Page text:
August 28 2014

styledotcom Why did Band of Outsiders cancel its fashion show? Scott Sternberg spills:

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2 posts tagged "Face Lace"

Throwback Thursday: Ace Of Lace


Throwback Thursday is a new feature on Beauty Counter in which we pore over the pages of our favorite glossies from decades past in search of a little modern-day makeup and hair inspiration.

The Model: Benedetta Barzini

The Moment: Lace eye appliqués

The Motivation: Decorative, 3-D eye adornment has been getting a lot of traction of late, what with Pat McGrath’s stick-on metallic green triangles at Atelier Versace and Peter Philips’ gorgeous tulle lashes at Chanel Haute Couture making the rounds on the blogosphere earlier this month. Using mediums other than plain old pigment and powders to embellish lids and brows is a long-standing beauty tradition, however: Diana Vreeland’s creative team ordered up this well-placed swathe of black lace for a 1964 Vogue editorial starring model Benedetta Barzini, which was applied above a jaunty cat-eye drawn on both the upper and lower lash lines, and on top of a swipe of matte white eye shadow—a good trick to ensure the precise latticework is that much more evident. Not convinced you’ve got the steady hand for this kind of task? A little trial and error with makeup artist Phyllis Cohen’s Face Lace decals should do you one better.

Photo: Bert Stern for Vogue, 1964; courtesy of

Stuck On You


With the return of avant-garde, 3-D makeup on the catwalks (Spring’s sequined eyelids at Givenchy and Fall’s bedazzled brows at Chanel immediately come to mind), it is perhaps to be expected that new products that allow you to graft carefully shaped, intricately designed adornments directly onto your face in lieu of eye shadow and blush would be hitting the market. Right on cue, we give you Face Lace, a new makeup concept from Phyllis Cohen, the seminal U.K. makeup artist who shot to fame in the eighties and, along with peers like Richard Sharah and Yvonne Gold, for creating many of the decade’s most important looks. (Among her other contributions to the annals of makeup history, Cohen, an illustrator by trade who holds a masters degree in fine art, painted the shadows onto David Bowie’s face for his hit “Blue Jean” video.) “Back in the eighties, I used to make stick-on makeup adornments for Zandra Rhodes’ shows. I also used to use vinyl stencils, and I was wondering how I could combine the two things when I dreamed up the idea for this,” she explains of the 15 different, scrolling, latticework-like styles that you simply stick on and go. Sure, the patterns that debuted at Corrie Nielsen’s Fall show in London last month aren’t exactly everyday wear, but they’re ideal for the artistically challenged looking to add a touch of unique flair to an evening look—and perfect for the artistically ambitious in the post-Gaga era.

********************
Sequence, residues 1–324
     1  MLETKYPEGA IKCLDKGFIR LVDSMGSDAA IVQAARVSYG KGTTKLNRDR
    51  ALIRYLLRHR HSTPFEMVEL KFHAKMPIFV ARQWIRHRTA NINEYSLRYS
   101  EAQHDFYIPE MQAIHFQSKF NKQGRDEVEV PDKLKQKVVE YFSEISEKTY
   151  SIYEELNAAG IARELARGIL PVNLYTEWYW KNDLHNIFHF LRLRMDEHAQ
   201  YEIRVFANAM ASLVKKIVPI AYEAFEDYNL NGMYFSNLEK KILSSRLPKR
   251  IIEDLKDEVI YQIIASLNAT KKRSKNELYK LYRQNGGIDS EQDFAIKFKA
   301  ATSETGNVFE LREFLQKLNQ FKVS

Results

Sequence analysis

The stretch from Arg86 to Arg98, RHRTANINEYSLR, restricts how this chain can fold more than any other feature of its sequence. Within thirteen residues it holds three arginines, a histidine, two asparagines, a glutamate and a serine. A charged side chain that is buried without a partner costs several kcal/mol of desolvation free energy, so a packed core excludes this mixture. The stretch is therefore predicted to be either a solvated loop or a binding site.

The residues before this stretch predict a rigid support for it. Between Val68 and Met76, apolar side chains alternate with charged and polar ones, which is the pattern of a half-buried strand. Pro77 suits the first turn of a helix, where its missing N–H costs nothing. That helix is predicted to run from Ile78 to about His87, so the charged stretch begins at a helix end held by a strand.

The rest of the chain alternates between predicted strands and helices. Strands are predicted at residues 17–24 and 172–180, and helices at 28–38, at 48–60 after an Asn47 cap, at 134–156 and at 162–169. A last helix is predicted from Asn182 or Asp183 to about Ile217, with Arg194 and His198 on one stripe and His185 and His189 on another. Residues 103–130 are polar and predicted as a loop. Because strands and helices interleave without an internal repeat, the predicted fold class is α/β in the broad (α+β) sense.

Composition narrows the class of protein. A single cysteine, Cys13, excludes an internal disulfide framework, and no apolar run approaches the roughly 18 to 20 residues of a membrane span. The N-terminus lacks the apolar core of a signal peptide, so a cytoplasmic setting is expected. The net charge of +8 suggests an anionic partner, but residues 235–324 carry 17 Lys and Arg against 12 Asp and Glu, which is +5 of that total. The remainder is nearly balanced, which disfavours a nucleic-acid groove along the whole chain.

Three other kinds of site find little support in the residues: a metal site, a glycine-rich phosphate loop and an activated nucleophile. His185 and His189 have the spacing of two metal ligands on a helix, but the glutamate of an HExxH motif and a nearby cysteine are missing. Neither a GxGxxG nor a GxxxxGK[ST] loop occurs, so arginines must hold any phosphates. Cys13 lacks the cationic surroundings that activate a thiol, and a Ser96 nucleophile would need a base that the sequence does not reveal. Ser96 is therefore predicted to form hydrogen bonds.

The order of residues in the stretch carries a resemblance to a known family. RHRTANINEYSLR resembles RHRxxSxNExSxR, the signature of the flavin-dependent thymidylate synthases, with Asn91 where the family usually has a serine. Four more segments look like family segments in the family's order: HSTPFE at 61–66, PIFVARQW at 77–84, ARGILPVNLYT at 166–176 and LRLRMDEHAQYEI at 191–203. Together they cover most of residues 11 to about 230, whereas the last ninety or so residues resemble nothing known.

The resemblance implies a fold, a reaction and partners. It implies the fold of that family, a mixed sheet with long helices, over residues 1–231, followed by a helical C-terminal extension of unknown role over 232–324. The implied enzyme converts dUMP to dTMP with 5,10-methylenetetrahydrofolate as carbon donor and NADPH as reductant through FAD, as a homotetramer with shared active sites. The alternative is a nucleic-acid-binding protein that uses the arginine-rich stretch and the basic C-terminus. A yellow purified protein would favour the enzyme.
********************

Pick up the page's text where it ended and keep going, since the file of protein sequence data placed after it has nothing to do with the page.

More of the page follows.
From $22,